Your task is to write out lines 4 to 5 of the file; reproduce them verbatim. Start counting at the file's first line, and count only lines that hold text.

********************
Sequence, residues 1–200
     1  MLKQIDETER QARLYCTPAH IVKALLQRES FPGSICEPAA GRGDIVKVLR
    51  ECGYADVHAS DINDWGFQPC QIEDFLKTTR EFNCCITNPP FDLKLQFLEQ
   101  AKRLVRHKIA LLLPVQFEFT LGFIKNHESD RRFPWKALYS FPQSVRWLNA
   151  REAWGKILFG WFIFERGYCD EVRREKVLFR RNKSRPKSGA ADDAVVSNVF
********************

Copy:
   101  AKRLVRHKIA LLLPVQFEFT LGFIKNHESD RRFPWKALYS FPQSVRWLNA
   151  REAWGKILFG WFIFERGYCD EVRREKVLFR RNKSRPKSGA ADDAVVSNVF